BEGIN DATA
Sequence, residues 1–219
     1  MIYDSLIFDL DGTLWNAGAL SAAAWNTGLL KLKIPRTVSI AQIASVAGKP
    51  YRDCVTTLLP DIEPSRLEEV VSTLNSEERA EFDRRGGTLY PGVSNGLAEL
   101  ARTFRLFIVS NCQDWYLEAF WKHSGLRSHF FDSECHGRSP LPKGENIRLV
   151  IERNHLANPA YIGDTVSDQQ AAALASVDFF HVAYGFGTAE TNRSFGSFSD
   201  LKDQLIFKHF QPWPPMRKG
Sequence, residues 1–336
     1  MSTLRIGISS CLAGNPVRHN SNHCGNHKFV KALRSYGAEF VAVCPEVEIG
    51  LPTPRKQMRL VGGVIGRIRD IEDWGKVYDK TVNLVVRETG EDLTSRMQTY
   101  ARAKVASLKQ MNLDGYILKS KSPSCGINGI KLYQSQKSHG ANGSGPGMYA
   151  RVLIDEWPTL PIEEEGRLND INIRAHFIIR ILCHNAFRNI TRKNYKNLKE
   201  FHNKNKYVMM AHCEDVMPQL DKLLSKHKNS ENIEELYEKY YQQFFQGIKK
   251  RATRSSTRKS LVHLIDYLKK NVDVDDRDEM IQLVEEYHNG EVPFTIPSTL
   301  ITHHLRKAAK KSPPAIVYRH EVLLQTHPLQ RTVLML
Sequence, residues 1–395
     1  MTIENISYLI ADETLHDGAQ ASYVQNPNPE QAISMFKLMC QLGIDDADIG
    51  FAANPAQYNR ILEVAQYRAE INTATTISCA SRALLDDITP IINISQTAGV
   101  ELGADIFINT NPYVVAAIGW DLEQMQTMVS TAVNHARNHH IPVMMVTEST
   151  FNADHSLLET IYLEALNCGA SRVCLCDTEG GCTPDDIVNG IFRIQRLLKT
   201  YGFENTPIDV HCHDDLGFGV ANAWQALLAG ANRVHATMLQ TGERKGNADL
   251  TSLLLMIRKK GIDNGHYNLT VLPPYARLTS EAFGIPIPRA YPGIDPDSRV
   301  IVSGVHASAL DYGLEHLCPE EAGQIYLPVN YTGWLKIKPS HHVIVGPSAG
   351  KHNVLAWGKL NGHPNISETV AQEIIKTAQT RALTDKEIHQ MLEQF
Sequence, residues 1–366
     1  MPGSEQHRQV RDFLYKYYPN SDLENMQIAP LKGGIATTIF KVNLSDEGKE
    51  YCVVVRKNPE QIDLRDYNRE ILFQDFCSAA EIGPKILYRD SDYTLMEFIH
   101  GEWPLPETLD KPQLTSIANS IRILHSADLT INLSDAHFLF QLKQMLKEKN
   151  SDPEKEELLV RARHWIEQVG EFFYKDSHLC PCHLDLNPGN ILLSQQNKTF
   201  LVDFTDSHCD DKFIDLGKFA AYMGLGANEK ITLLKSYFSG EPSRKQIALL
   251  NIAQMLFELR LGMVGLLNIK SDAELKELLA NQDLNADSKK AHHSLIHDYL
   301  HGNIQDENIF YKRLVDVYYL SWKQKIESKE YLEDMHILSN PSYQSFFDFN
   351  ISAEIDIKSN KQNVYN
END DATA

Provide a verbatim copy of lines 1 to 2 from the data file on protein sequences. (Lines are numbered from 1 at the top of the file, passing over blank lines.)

Sequence, residues 1–219
     1  MIYDSLIFDL DGTLWNAGAL SAAAWNTGLL KLKIPRTVSI AQIASVAGKP